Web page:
The top eight issues facing chief executives today: PwC Global CEO survey
Wednesday, January 21, 2015/
Sentiment among Australian chief executives is deteriorating month by month, according to PwC’s annual Global CEO Survey released today.
The research involves interviews with 1322 chief executives in 77 countries, including 44 in Australia, and identified seven key issues Australian chief executives are engaging with.
More than half of the Australian chief executives surveyed (55%) are very confident about company growth over the next three years, up from 34% in 2014.
“This fortitude might be due to an understanding that while no one is immune from the effects of change in our increasingly technology-led world, the opportunities are there for those who grab them,” the study’s authors found.
In Australia 55% of chief executives plan to increase headcount in the next 12 months, higher than the global average of 50% but at the same time, concerns around availability of key skills are at an eight year high.
Michael O’Keefe, chief executive of Aesop, told PwC chief executives are likely to have to focus more on talent management in the future.
“In an era where capital is relatively plentiful, the access to technology and systems is quite ubiquitous, talent just makes the difference,” he says.
“I think in the past perhaps talent management and development was left to the HR department, the CEO focused on strategy in finance and areas like that, but increasingly I think the CEO’s going to have to become the chief talent manager in the organisation and really source and develop talent right throughout the organisation.”
Australian chief executives are taking matters into their own hands when it comes to pursuing growth. The business landscape is set to change in Australia with 40% of those surveyed looking to complete a domestic merger and acquisition.
This is an increase on the 23% who were considering a domestic M&A in 2014.
International M&A deals are also on the agenda with 21% looking to complete a cross-border deal.
Cost-cutting is a key concern for Australian chief executives with 67% of them planning to implement a cost reduction initiative this year, up from 57% last year.
5. Engaging with Asia
Despite much talk about Asia as a key growth opportunity, PwC research shows the level of direct investment and business activity in Asia by Australian businesses is “woeful”.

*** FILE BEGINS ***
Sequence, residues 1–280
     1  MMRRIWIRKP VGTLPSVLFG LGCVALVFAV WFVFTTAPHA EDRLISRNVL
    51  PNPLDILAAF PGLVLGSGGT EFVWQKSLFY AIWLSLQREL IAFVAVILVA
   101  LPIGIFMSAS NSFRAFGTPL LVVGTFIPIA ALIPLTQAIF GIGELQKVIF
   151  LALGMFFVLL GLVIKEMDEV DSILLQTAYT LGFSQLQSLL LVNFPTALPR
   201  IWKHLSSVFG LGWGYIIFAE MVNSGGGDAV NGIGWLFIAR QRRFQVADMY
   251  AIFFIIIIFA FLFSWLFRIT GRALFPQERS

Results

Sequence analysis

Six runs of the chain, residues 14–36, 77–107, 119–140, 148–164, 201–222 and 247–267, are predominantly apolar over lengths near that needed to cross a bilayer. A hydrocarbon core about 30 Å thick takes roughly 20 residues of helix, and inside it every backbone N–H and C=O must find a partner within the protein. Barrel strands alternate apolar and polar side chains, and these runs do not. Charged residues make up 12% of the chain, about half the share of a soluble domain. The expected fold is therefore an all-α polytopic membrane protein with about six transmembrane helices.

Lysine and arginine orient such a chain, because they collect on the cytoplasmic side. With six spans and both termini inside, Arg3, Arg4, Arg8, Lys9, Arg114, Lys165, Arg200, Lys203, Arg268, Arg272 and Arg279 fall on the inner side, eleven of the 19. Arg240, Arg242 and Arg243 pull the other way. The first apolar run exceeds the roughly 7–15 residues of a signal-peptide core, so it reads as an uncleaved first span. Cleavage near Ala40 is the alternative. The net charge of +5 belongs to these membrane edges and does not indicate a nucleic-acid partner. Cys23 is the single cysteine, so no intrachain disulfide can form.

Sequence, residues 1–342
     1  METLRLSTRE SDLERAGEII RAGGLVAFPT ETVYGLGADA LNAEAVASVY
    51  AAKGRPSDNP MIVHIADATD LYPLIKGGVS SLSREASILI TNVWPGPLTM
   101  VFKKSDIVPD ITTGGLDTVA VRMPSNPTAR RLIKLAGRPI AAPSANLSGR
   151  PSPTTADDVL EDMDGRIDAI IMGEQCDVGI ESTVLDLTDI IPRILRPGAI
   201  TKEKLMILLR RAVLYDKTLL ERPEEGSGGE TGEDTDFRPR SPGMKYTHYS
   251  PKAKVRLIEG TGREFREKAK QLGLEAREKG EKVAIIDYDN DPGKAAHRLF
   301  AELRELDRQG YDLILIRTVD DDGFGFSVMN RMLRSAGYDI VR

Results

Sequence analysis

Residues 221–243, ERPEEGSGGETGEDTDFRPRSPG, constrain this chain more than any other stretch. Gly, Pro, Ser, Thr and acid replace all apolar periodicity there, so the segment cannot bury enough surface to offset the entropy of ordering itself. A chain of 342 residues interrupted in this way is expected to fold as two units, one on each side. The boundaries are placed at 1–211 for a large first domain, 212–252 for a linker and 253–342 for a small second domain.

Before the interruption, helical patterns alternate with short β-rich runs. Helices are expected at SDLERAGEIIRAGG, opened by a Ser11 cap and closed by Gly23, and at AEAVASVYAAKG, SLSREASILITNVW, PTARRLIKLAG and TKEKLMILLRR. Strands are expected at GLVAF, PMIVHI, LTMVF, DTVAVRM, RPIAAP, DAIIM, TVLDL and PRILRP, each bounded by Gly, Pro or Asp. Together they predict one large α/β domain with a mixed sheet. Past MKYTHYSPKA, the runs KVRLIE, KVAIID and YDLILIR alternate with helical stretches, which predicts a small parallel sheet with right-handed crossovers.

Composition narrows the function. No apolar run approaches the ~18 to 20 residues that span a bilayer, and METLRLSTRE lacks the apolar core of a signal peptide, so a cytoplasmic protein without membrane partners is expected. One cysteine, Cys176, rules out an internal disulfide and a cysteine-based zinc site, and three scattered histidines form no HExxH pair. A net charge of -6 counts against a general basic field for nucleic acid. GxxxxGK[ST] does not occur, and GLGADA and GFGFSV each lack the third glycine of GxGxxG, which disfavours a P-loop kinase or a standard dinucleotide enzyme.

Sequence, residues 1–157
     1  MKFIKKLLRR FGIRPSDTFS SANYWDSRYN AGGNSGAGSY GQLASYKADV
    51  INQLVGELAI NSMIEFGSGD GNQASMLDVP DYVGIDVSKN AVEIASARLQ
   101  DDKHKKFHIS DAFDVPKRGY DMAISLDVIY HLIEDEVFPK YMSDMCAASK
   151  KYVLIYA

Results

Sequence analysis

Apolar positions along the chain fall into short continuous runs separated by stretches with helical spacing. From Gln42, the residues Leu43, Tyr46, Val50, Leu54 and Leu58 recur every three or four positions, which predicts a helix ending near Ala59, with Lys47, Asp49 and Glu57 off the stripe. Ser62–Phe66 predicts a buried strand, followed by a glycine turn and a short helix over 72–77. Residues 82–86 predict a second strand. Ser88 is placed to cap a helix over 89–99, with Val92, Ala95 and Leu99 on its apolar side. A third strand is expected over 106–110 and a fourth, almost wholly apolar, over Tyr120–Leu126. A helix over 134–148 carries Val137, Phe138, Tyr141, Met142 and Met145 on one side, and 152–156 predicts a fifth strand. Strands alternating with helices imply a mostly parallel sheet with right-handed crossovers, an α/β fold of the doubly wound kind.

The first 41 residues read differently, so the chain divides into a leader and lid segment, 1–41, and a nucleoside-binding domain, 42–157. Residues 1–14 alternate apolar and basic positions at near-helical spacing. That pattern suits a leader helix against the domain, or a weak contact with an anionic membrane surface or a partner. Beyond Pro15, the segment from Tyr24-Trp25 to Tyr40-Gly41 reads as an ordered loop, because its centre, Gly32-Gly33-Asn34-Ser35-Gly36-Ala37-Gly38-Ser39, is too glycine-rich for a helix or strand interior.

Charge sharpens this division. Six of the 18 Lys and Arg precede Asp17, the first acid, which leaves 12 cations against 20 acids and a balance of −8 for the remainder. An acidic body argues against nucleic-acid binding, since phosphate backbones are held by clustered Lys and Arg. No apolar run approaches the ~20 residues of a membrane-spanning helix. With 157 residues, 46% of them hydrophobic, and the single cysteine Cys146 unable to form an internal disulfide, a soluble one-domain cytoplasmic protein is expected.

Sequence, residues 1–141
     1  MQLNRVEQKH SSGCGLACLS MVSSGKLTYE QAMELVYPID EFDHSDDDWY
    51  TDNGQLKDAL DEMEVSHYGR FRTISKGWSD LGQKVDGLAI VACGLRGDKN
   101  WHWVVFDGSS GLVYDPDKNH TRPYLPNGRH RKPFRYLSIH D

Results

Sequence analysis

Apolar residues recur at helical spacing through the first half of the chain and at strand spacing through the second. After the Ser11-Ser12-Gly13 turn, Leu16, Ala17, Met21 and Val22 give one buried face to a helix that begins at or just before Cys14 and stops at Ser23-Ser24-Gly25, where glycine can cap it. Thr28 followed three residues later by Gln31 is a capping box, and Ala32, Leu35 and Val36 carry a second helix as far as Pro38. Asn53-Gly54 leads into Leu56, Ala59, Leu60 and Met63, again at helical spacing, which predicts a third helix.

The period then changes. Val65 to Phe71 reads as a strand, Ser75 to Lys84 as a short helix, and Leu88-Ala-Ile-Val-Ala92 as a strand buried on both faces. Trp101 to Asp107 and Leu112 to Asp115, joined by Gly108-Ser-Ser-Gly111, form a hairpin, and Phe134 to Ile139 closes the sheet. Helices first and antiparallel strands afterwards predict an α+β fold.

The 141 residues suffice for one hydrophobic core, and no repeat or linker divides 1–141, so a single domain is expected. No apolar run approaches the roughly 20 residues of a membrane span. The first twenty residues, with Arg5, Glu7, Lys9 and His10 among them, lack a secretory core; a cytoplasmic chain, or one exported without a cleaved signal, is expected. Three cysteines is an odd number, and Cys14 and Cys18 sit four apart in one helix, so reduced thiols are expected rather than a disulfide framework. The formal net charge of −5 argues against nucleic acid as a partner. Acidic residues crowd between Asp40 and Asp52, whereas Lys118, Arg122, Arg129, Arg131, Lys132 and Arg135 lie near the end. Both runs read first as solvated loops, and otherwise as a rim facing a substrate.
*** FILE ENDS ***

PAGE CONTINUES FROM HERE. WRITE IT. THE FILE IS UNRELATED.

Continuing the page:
Australian businesses invest more in New Zealand than they do in both China and Indonesia.
6. Digital disruption
Digital innovation and its irrevocable impact on customer behaviour is a particular concern for Australian chief executives.
Nine out of ten say it is the number one disruptive trend they face.
Customer expectations – based on their online experience both here and overseas – are way ahead of what many companies can currently deliver.
More than half (52%) are collaborating with new partners to build and strengthen innovation capabilities, while 83% see digital technologies creating value for internal and external collaboration.
Grant O’Brien, chief executive of Woolworths, told PwC data is the new eyes and ears for retailers.
“Without it we’re blind, “ he says.
“With it we can be very focused and targeted in what we go after, both from a strategic sense but also in what we offer you personally as a customer, or what we offer a store in a particular town or a digital online offer that we establish.”
7. Tax reform
Tax reform plays a vital role in encouraging innovation, as well as helping foster economic growth with 7 out of 10 chief executives saying the government’s attempts at achieving an internationally competitive tax system were ineffective.
Globally, only chief executives in the US were more critical of their government’s performance in relation to tax.
Diversity and inclusiveness are no longer seen as “soft” issues but are crucial competitive capabilities, according to the PwC survey.
Of the 86% of CEOs whose companies have a formal diversity and inclusiveness strategy, 92% think it’s improved the bottom line.
Further to this, 83% stated it has helped to strengthen the company’s brand and reputation.
Alan Joyce, chief executive of Qantas, told PwC as a business Qantas needs to represent the best of Australia generally, and diversity is a key part to that.
“It also allows you to tap into an unbelievable set of talent that a lot of other companies just miss out on because they don’t take diversity seriously and are not focused in on it,” he says.
“And I think, you know, I look at my own position being a gay CEO with an Irish accent of this great company.”